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Mike Rinder ‘Clears’ up Scientology

General Heresy is a column dedicated to investigating, and making public, different faiths and philosophies, as well as religions and related organizations.

2010_Mike_RinderIn this second installation, I spoke to former spokesman for The Church of Scientology, Mike Rinder, and asked him a few questions regarding the organization and the beliefs. See last week’s ‘Scientology in the Clear’, from General Heresy.

SWEPT: I’m curious, I know that you have said, since leaving the church, that Scientology is a valuable way to work through life, so are you still a believer in Scientology even though you’re no longer a church member?
MIKE: I would classify myself as someone who practices principles of the philosophy of Scientology that I find workable and true. I do not consider myself a Scientology “believer” I think that word implies faith and acceptance of anything and everything merely because it is “part of Scientology.”

SWEPT: I started taking some online courses on the main Scientology site, and felt as though a number of the lessons were about a sort of self-manipulation, and the site talks a bit about mind over matter, and knowing how to read people in order to better function in the world. I’m wondering if there is an element of self-deception in the teachings of the church? As well, I’m wondering if there is an element of social deception; attempting to better get to people (I know Miscavige is very skilled in this way, and is that an example of how the teachings can be used for ill)?
MIKE: Sure. I think the article on Tony Ortega’s blog today by Jeff Hawkins (read this article here) is a great example. I have written in the past about “the greatest good for the greatest number of dynamics.”

SWEPT: Aside from the John Sweeney documentary fiasco with Miscavige having him followed and whatnot, have there been other examples of heavy surveillance with people in and out of the church while you were still working in the church?
MIKE: Numerous. Bob Minton, which I have talked about. Michael Flynn when he was suing the church. Vaughn and Stacy Young. Pat Broeker.

SWEPT: What was the final straw for you in making your decision to leave the church?
MIKE: John Sweeney asking me point blank whether Miscavige had ever physically assaulted me. I have never flat out lied to the media before. But especially something like this where he said he had witnesses (and he did and I knew it) and I had a very hard time justifying why I felt it was right to lie about something like that.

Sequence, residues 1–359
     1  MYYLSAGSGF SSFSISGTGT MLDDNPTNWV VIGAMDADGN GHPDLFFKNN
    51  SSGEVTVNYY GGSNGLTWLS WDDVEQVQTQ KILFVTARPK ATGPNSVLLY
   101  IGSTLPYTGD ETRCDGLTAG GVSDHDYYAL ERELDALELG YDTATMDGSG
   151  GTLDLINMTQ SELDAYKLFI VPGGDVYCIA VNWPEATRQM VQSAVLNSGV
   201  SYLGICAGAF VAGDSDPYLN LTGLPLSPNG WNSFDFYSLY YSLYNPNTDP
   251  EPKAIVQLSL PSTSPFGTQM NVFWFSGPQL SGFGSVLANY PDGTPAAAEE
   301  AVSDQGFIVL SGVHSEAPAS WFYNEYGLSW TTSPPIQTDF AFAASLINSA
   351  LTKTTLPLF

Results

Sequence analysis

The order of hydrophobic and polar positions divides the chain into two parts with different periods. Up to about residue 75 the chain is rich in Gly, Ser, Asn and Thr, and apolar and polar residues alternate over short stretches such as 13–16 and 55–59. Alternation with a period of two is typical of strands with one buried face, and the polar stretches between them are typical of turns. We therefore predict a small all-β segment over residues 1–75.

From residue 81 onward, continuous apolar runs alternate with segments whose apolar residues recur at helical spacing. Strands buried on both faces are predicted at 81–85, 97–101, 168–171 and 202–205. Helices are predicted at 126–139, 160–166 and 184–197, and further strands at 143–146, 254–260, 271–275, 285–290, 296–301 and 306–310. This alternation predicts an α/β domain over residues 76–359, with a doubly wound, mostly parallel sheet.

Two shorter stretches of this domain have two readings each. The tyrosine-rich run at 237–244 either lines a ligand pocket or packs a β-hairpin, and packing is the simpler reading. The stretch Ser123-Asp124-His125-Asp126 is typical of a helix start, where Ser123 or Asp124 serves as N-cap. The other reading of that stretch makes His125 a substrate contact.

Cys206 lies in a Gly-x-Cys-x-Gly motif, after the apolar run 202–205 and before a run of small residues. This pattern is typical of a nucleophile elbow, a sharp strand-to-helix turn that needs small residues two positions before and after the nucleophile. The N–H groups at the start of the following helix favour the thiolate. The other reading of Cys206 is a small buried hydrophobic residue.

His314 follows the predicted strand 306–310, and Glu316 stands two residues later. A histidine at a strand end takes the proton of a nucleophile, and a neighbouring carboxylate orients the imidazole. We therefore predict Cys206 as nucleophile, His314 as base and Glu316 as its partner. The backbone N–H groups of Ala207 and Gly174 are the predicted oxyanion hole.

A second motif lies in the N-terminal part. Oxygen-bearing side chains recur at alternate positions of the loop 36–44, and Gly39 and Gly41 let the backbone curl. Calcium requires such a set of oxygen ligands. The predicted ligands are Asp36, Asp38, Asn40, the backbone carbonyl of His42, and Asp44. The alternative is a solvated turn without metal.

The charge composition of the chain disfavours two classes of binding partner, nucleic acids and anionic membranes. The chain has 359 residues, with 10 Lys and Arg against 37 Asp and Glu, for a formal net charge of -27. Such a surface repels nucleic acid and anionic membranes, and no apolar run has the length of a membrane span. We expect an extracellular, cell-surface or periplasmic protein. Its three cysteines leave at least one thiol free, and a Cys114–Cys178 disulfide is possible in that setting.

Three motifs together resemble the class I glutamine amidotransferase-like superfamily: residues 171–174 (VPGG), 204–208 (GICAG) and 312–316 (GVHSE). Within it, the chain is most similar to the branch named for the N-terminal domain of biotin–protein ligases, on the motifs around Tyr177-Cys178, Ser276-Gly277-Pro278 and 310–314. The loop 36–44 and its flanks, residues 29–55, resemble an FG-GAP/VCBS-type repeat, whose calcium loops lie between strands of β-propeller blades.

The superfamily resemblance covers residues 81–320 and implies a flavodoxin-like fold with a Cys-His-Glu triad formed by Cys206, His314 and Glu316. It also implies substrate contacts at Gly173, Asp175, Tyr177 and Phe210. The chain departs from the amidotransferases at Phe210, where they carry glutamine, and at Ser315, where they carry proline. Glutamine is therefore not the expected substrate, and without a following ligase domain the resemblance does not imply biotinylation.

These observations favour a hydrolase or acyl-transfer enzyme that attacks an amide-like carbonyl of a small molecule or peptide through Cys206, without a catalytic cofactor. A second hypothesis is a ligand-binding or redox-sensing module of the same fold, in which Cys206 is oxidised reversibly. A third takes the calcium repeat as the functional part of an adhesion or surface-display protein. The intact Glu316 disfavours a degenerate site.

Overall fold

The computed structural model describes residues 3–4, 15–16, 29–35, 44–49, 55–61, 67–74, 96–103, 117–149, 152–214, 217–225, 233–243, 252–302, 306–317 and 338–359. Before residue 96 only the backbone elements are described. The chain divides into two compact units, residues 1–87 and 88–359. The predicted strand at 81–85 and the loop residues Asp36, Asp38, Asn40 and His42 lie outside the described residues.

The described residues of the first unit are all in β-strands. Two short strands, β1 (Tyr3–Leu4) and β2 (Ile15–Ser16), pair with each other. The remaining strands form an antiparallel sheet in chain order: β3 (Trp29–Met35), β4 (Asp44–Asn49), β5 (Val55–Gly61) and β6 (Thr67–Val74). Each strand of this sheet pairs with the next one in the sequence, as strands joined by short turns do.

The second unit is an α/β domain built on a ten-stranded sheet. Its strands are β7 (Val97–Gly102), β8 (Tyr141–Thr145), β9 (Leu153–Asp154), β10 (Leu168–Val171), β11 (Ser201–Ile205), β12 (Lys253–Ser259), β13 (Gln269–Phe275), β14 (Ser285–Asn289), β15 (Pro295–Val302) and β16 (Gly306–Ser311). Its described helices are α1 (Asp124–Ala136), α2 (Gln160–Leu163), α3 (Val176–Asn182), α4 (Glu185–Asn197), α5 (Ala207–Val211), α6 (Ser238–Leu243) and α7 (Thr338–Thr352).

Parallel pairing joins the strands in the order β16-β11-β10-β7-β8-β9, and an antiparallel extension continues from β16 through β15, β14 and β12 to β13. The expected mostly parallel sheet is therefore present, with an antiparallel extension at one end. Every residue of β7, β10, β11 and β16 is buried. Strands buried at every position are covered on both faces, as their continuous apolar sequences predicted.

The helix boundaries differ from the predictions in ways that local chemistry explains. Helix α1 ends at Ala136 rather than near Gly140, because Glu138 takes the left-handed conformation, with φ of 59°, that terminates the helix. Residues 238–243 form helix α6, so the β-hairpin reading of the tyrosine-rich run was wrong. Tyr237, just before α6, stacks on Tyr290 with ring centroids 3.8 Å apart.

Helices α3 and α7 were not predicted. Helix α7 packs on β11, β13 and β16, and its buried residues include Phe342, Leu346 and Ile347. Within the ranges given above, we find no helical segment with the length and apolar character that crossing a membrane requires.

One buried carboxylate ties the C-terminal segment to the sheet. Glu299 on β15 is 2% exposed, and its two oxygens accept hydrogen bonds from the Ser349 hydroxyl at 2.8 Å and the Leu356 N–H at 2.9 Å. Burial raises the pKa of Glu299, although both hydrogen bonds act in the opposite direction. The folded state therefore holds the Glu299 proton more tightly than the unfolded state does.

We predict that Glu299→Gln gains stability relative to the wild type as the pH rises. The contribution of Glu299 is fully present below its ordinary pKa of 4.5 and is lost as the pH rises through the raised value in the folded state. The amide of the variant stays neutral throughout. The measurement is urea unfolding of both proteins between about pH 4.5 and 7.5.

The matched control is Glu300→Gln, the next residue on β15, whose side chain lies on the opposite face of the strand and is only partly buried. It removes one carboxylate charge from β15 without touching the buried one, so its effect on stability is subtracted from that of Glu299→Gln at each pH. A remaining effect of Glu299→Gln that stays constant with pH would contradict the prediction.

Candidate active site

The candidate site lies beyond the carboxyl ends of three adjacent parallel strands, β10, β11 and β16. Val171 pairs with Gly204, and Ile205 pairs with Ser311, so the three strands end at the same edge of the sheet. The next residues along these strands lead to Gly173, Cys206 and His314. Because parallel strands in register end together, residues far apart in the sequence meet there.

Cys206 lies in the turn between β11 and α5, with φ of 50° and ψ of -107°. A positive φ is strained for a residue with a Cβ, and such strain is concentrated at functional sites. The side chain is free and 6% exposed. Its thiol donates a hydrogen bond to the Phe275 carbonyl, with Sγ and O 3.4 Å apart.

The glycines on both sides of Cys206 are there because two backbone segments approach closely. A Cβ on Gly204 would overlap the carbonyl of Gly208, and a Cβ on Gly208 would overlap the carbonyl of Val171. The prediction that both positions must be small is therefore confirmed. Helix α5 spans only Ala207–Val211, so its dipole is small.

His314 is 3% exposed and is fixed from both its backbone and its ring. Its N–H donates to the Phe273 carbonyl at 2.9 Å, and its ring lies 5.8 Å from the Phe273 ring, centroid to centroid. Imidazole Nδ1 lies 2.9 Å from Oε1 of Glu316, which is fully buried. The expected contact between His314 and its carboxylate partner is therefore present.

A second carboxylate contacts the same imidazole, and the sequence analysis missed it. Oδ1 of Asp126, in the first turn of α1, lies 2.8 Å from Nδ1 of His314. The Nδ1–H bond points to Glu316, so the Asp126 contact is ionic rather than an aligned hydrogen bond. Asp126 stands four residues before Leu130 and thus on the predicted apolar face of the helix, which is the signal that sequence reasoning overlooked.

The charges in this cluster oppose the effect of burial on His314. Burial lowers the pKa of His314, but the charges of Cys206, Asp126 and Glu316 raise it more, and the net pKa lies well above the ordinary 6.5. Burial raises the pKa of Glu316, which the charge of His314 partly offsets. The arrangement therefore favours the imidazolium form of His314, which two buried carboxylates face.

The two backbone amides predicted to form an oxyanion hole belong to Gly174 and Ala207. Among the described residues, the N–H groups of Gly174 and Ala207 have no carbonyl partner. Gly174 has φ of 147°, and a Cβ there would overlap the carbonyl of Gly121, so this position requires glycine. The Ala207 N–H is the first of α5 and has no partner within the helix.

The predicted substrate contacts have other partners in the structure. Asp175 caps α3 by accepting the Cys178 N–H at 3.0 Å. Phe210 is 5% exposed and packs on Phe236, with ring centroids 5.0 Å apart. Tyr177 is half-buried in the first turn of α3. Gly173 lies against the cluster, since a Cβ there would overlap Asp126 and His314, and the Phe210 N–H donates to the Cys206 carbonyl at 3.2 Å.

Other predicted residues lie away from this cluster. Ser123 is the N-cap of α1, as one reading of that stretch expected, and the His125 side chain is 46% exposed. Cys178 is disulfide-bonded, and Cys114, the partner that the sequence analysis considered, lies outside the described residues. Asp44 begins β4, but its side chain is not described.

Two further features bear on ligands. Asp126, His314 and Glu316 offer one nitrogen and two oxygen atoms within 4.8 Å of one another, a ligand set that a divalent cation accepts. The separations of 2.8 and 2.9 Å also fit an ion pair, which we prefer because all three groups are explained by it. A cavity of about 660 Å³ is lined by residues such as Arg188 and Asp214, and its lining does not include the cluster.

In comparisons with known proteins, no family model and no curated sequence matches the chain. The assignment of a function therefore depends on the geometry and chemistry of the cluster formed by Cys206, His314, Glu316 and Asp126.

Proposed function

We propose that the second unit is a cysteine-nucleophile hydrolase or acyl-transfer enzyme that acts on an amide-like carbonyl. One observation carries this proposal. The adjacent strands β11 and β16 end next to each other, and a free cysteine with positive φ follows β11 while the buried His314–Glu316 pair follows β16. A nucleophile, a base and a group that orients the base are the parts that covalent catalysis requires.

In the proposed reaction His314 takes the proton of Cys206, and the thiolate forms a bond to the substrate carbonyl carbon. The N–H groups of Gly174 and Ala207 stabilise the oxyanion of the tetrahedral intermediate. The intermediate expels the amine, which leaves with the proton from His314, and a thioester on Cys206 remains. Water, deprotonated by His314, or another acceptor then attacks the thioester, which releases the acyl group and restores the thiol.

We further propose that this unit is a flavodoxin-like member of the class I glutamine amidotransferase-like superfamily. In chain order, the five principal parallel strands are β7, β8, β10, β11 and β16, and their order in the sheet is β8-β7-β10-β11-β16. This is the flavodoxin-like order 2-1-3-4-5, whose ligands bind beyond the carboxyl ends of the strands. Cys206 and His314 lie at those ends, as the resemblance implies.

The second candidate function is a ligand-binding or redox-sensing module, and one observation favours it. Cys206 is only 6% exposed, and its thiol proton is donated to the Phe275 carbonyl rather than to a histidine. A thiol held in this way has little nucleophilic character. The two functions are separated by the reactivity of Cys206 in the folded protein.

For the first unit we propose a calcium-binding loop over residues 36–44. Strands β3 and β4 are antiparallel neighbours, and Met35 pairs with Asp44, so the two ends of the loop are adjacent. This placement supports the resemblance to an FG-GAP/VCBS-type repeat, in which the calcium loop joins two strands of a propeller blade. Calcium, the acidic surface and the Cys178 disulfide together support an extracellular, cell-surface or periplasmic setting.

Head of the Church of Scientology, David Miscavige

Head of the Church of Scientology, David Miscavige.

SWEPT: This is a little touchy, and if it is too personal, please don’t feel pressured to answer. Have you seen or had contact with any family since the incident during the recorded cellphone conversation between you and Sweeney?
MIKE: No. I documented efforts to try and see my mother when I was in Australia on Marty Rathbun’s blog. No other contact whatsoever. Not even a message or call when my mother passed away six weeks ago.

SWEPT: What is the most important thing you would want people to know about both the doctrine of Scientology and the organization of Scientology?
MIKE: They are two distinct things. The organization is corrupt and I feel has no redeeming qualities and should be nothing but a bad memory. The philosophy has value. Not all of it, but there are things of value contained within it. Those things that genuinely help people to improve their lives should be preserved and available to anyone who wants them.

SWEPT: Is the notion of Xenu, and dead alien souls sent to Earth a part of the teachings of Scientology? If so, is this a faith position or is this a claim on some suggested scientific basis? Is this a belief that you hold to?
MIKE: Yes, it is (part of the teachings). And yes, it is a faith position. Good Scientologists will tell you it is not faith – it is fact and provable by their subjective experiences with auditing and an e-meter. But that is not scientific evidence, it is anecdotal.

SWEPT: Do you think people should support the Church of Scientology and feed it with as much money as is currently poured into it by its celebrity wing?
MIKE: Not at all. I think the subject should be FREE and freely available for anyone and everyone to use and apply.

SWEPT: What are your thoughts on having a separate celebrity church?
MIKE: From the church’s perspective it makes sense. Give them a place to make them feel important. I can’t imagine a celebrity Buddhist temple or Catholic Church.

SWEPT: Is there anything you would like to say to the readers of this magazine, and to any Scientologists who may come across this?
MIKE: Really, the most important thing is to think for yourself. Don’t accept things because you are told they are true or are necessary. If you see something that is abusive or wrong, you KNOW. Don’t let things be “explained away”. The church of Scientology has no monopoly on wisdom – it doesn’t even have a monopoly on Scientology. If there is something you find good and workable about it, use it. If not, forget it.

Thanks Mike, I couldn’t have said it better myself.

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